LARAMIE, Wyo. — It didn’t take long to see this was a resilient team.
Wyoming’s first defensive drive of the season resulted in a punt against Northern Illinois, but it ended in a Huskies touchdown. After the Cowboys had forced a fourth and 2, and then a fourth and 5 after a Northern Illinois false start, sophomore Carl Granderson hit punter Jake Ambrose long after the play and was called for a 15-yard penalty to extend the drive. Four plays later the Huskies were in the end zone.
It was one of those drives that, especially in the first game after a 2-10 season, made you go, ‘Oh, gosh. Here we go.’ For a team without resolve, such a knuckle-headed penalty would be the beginning of a slippery slope. Wyoming is not that team.
Not in 2016, anyway.
The Huskies wouldn’t score again that quarter, and when they scored on the first drive of the second quarter, Wyoming responded with a touchdown on the next drive. There were more of those moments in that game. Two missed field goals, both of which felt like punches to the gut. But the Cowboys didn’t falter and eventually won in triple overtime.
Game 2. In front of a crowd of nearly 90,000, Wyoming had just inched back within a touchdown after starting the game down 17-0. Then, quarterback Josh Allen threw a pass that went off Jake Maulhardt’s hands and into Kieron Williams’ for a 23-yard interception return for a touchdown. Uh-oh.
But no, Wyoming responded the next drive with another touchdown to enter the fourth quarter within seven points.
Of course, that fourth quarter was an utter collapse, as Wyoming turned the ball over four times. But the Cowboys didn’t let it carry over to the next week. When Allen gave the ball away to allow UC Davis to score a 21-yard defensive touchdown untouched, pulling within 14-9, the War Memorial Stadium crowd held its breath. Another collapse?
Wyoming scored four plays later.
Now, this team wasn’t perfect by any means. The next week, it was Eastern Michigan winning with resiliency, erasing a late Cowboys lead, but even then, the Cowboys’ defense forced four turnovers and scored two touchdowns to help Wyoming nearly win a game it had no business being in.
Against Colorado State, Wyoming bounced back from a 14-3 deficit. Against Air Force, Wyoming stood tall on a game-tying, 2-point conversion attempt. Against Nevada, Wyoming’s defense came up with an interception to end a potential game-tying drive before it started. Against Boise State, well, where to start? Trailing twice by two touchdowns? Converting on a game-tying 2-point conversion? Taking its first lead on a game-winning safety?
I might have made my point, but why stop now? Against Utah State, Wyoming looked like a deer in the headlights as the Aggies trucked their way to three consecutive third-quarter touchdowns. Then, Allen galloped for 38 yards, and Wyoming was back in control. Against UNLV, Wyoming drove 99 yards without timeouts in less than a minute to score on a highlight-reel Tanner Gentry catch before losing in a second triple-overtime affair. Against San Diego State, Wyoming again took its first lead with less than 2 minutes to play against a ranked team. And again, Wyoming’s defense held on a 2-point conversion attempt. This time, it would have given the Aztecs the win.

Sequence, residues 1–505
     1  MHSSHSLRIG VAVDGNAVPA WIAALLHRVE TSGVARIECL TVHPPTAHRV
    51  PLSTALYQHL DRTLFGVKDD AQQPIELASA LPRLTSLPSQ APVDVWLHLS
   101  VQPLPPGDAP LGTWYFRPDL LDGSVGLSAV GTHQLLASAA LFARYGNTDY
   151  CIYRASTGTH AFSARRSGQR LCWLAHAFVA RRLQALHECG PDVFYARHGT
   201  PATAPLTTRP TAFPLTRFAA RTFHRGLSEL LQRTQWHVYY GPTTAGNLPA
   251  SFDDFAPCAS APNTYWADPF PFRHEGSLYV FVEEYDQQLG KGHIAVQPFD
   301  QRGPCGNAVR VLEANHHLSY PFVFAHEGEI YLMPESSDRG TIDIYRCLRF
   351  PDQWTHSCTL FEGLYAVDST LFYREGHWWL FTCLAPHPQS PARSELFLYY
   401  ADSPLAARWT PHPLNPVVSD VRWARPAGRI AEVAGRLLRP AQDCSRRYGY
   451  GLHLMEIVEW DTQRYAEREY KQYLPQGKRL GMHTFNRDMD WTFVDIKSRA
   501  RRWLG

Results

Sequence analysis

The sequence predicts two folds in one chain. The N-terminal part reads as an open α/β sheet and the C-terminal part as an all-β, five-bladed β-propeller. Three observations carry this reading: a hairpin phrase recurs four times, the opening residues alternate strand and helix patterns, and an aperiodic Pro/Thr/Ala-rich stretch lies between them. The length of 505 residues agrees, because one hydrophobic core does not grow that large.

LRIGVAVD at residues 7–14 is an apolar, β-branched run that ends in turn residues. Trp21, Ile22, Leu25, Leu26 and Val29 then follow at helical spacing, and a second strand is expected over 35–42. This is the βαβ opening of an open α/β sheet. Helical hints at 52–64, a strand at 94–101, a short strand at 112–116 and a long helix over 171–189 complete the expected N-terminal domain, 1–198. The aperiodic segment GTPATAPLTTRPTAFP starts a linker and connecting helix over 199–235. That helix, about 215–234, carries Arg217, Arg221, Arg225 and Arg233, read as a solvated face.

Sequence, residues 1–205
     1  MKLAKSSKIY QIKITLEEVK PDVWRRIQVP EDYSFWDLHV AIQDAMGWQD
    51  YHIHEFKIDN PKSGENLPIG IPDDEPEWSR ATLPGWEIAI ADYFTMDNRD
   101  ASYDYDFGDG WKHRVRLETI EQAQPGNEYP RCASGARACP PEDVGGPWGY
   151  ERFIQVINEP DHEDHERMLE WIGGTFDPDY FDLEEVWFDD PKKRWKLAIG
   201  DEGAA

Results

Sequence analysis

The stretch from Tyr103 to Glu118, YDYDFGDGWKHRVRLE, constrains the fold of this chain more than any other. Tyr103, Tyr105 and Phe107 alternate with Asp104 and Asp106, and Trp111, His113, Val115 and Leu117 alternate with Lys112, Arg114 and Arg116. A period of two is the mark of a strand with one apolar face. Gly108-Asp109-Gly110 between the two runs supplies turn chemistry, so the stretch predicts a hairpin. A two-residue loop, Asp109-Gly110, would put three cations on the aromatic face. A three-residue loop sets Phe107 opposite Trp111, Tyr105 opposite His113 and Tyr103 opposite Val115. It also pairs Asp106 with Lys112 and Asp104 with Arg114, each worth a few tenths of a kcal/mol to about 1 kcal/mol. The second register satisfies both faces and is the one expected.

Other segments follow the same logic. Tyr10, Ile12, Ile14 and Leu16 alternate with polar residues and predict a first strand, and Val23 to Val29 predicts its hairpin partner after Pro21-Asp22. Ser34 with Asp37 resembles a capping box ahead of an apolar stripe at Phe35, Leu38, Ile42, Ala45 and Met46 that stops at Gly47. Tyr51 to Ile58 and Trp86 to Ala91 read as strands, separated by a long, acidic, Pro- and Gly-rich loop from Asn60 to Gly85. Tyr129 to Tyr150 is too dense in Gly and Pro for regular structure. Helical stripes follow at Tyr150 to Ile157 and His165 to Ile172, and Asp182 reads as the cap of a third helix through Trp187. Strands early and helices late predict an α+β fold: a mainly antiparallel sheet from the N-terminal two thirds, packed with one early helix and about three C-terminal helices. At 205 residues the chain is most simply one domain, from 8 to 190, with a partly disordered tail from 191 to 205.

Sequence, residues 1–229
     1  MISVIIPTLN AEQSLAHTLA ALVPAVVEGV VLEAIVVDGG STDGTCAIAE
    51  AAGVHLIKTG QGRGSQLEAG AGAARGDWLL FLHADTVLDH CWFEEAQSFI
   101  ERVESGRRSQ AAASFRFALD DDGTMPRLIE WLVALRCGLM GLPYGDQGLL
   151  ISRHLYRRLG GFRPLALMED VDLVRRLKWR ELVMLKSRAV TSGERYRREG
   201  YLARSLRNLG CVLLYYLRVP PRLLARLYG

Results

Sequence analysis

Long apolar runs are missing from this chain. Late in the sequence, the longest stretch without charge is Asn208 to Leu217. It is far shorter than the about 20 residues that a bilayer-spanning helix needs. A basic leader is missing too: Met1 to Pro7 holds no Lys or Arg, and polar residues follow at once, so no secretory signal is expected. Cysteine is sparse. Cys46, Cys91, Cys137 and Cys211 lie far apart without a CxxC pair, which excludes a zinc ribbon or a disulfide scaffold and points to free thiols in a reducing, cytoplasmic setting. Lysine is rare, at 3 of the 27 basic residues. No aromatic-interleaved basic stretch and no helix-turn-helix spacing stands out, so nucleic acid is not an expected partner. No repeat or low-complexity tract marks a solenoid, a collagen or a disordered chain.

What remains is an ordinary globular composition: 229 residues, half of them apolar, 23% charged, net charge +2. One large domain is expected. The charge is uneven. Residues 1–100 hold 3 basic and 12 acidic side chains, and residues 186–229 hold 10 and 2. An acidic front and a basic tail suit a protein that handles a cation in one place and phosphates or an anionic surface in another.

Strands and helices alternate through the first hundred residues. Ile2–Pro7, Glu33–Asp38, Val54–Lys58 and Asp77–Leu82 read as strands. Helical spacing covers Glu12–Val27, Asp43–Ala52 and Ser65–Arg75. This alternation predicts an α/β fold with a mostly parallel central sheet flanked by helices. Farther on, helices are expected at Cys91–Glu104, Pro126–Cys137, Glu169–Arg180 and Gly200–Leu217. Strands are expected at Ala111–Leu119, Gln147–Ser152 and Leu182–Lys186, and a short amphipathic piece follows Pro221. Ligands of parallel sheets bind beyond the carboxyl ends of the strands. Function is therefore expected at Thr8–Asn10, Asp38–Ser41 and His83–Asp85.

Against New Mexico, well... I don’t know exactly what that was. Then again, maybe it’s further proof. All year, Wyoming found resolve when it needed it most. The Cowboys didn’t really need to beat New Mexico. They lost by 21.
The Cowboys weren’t able to treat their fans to their first conference championship since 1993, but the resolve was still there in their second game against San Diego State in three weeks. The game looked like it could be over when Wyoming trailed by 10 with less than 7 minutes to play. The Cowboys drove 75 yards in two plays. Things looked bleak when the Aztecs returned the next kickoff 75 yards and got to the Wyoming 15. Logan Wilson forced a fumble. And the game was surely over when Wyoming then turned the ball over on downs and San Diego State found itself inside the Cowboys’ red zone yet again, right? Wyoming’s defense turned the ball over on downs itself.
The resolve ended there. There was no game-winning drive. But this was a season full of gutsy performances. This was a team that never quite grasped the concept of coming off the rails.
The train hit its bumps, but it ended up at the Poinsettia Bowl. Let’s all sit back and watch. There’s no reason to think the Cowboys will hold back now.
Follow University of Wyoming athletics reporter Brandon Foster on Twitter @BFoster91